Near the northern Greek island of Alonissos lies a remarkable ancient shipwreck: the remains of a massive cargo ship that changed archaeologists' understanding of shipbuilding in antiquity.
Now this spectacular find is to become the first ancient shipwreck to be made accessible to the public in Greece, including to recreational divers.
Greece's rich underwater heritage has long been hidden from view, off-limits to all but a select few, mainly archaeologists. Scuba diving was banned throughout the country except in a few specific locations until 2005, for fear that divers might loot the countless antiquities that still lie scattered on the country's seabed.
Ancient shipwrecks and even many more recent ones are still off-limits.
Now that seems to be gradually changing, with a new project to create underwater museums.
Divers will be able to tour certain shipwrecks and non-divers will experience the sites through virtual reality in information centers on land.
The first of these sites is the Peristera shipwreck, named for the uninhabited Greek island opposite Alonissos where it was discovered in the early 1990s.
The cargo ship was laden with thousands of amphoras, or vases, probably containing wine, when it sank in the late 5th century B.C.
All that survives is the cargo, the exposed parts of the wooden ship having long since rotted away. But the sight is spectacular.
Thousands of ancient vases, the vast majority intact, lie in layers. Fish, sponges and other sea creatures have made the amphoras their home, adding color and life to the site. In some places, the cargo towers above divers as they pass along the perimeter of the wreck.
"It is very impressive. Even I, who have been working for years in underwater archaeology, the first time I dived on this wreck I was truly impressed," said Dimitris Kourkoumelis, the lead archaeologist on the project preparing the site for visitors. "It's different to see amphoras ... individually in a museum and different to see them in such concentration."
The wreck still holds mysteries. Only a small part has been excavated, and experts have yet to determine how or why it sank, or what other treasures it might have carried beneath the estimated 4,000 amphoras in its hold.
There are indications a fire had broken out on board, but it's unclear whether that contributed to its sinking.
"Was it a piracy act? Was it overloaded?" said Elpida Hadjidaki, the first archaeologist to excavate the site. These questions remain unanswered.
The Peristera wreck is the largest ship of its time to have been found and its discovery was of major significance to historians.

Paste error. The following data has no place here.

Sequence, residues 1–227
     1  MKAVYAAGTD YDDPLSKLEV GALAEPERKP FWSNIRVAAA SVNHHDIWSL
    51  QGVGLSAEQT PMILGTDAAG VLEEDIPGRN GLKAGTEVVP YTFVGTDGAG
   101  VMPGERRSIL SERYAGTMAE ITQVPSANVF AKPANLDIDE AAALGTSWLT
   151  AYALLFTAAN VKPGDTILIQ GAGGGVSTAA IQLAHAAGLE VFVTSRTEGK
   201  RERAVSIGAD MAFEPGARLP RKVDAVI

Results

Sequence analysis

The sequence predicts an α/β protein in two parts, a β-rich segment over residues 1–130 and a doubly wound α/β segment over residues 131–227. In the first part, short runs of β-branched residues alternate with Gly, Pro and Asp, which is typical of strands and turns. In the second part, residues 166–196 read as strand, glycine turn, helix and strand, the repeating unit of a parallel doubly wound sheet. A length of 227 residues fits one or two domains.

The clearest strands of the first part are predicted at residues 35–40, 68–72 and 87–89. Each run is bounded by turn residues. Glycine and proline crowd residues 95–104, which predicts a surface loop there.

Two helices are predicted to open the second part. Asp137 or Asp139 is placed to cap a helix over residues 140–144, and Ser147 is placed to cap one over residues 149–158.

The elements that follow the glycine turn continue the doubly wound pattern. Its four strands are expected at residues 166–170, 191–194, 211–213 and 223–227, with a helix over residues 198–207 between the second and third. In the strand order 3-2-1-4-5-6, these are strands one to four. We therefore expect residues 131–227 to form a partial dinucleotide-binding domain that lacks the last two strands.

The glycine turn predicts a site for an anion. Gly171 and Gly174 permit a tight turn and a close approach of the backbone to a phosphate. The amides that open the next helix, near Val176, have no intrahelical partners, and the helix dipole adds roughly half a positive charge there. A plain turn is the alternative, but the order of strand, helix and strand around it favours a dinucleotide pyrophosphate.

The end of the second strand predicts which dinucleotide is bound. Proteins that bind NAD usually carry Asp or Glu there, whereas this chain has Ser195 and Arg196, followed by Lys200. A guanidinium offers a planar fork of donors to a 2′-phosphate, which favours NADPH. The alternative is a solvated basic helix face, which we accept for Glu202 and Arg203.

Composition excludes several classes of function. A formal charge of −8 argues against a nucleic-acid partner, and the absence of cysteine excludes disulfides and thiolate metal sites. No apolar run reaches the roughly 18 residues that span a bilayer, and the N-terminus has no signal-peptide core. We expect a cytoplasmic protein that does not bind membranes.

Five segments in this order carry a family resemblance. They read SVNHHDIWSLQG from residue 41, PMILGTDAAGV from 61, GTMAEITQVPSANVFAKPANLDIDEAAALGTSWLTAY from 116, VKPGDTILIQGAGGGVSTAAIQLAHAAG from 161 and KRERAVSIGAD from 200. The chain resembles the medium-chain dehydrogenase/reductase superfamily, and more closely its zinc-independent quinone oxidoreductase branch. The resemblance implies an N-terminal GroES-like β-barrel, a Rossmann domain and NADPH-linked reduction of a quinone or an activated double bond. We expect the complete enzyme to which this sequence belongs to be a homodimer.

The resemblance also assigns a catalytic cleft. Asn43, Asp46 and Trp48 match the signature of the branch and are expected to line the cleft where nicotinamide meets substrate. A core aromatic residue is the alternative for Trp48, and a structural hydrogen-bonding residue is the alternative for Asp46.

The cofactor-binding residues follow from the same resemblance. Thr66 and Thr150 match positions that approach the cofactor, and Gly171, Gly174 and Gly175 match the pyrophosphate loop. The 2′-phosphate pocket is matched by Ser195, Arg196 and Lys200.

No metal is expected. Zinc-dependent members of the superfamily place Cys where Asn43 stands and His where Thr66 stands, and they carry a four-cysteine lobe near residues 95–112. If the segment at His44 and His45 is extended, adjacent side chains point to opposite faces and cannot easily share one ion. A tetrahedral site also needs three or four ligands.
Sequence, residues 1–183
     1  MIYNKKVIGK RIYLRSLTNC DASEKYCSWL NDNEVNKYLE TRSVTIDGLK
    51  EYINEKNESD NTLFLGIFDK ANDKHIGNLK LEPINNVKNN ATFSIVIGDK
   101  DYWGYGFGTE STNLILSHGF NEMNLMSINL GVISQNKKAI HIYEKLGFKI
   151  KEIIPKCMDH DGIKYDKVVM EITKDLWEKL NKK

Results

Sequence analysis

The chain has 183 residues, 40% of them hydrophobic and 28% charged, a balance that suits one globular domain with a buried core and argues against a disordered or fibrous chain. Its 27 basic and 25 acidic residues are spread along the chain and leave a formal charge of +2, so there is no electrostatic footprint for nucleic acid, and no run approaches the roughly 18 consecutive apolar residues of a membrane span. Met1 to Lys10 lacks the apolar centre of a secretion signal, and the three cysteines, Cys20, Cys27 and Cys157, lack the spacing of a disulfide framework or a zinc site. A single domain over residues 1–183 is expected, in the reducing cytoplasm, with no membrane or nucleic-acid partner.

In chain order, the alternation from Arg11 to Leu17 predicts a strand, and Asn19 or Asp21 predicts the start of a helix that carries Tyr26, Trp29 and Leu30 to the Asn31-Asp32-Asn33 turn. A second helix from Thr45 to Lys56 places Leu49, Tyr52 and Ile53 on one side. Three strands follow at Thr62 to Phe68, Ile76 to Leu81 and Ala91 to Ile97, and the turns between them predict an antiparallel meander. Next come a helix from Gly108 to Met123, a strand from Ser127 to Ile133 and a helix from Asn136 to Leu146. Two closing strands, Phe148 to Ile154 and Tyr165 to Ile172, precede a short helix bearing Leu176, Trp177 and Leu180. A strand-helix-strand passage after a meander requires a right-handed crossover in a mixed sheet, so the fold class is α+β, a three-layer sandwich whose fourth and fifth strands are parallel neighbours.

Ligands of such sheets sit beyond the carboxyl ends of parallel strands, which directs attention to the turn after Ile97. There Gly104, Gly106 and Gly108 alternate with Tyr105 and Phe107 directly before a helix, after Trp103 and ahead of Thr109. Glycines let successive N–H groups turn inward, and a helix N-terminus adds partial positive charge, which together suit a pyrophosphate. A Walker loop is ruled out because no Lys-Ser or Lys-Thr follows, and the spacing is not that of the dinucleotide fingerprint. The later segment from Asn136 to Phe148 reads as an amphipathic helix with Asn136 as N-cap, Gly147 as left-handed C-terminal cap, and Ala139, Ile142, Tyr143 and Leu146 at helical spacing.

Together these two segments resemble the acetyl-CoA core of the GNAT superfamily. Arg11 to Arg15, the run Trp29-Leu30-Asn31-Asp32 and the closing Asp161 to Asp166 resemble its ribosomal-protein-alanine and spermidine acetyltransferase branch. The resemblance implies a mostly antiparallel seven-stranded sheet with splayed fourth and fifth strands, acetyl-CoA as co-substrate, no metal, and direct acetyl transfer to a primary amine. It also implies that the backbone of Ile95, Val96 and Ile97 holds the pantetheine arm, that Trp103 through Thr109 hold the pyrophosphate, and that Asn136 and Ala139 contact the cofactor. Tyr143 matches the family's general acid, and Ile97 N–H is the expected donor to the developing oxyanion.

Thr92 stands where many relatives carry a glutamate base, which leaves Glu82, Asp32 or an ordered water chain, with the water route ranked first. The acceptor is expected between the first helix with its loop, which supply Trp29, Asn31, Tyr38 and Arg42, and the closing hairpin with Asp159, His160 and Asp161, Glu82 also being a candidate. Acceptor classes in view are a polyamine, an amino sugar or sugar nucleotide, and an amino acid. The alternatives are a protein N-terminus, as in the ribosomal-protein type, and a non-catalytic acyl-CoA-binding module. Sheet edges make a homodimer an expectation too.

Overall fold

"Up to then, we thought that large ships that were carrying 1,500 amphoras and were up to 70 tons, they were built by the Romans in the 1st century B.C.," Hadjidaki explained. "Well, now we have a ship that was not built in the 1st century B.C., it was built in the 5th century B.C., it carried 4,000 amphoras and God knows what else and it's 126 tons."
Hadjidaki said she is thrilled the wreck is being opened to visitors.
"It's fantastic. Twenty-five years ago, I was the first person that proposed that and people were jumping at me, they thought I was crazy," she said. "Why should we keep it to ourselves? We have to give knowledge to people."
The first test for guided tours of the wreck, which lies at a depth of about 22-28 meters (72-92 feet), was carried out last weekend with small groups of recreational and professional divers.
A thorough briefing, complete with historical information and the rules of the dive, preceded the short boat ride from the tiny harbor of Steni Valla on Alonissos to the site. On the wreck itself, explanatory signs have been suspended along the perimeter.
The initial feedback has been positive.
"It was an amazing opportunity ... to dive at last on an ancient wreck," said Kostas Menemenoglou, a 39-year-old recreational diver from the central town of Volos. "It was a fantastic experience. It's really like diving into history."
Three other shipwrecks in the Pagasitic Gulf in central Greece are also included in the project, which is part of a European Commission-funded BlueMed program, which plans to expand the project to Italy and Croatia. More test dives will be held this summer and next year, with hopes of fully opening the sites to recreational diving in early 2021.
"Accessible archaeological sites are one of the most interesting projects — not just a Greek project but a worldwide project," said Kourkoumelis, who noted it has taken a long time to get to the point of allowing visitors to access an ancient wreck.
"It took years. And that's logical, because underwater ancient sites and particularly ancient shipwrecks are exposed ... and fragile," he said, noting it was crucial to properly set up the project and the dive conditions, making sure the sites are protected before they can be opened to the public.
"All the conditions must be ensured so that these sites remain safe in the future and for future generations," he added.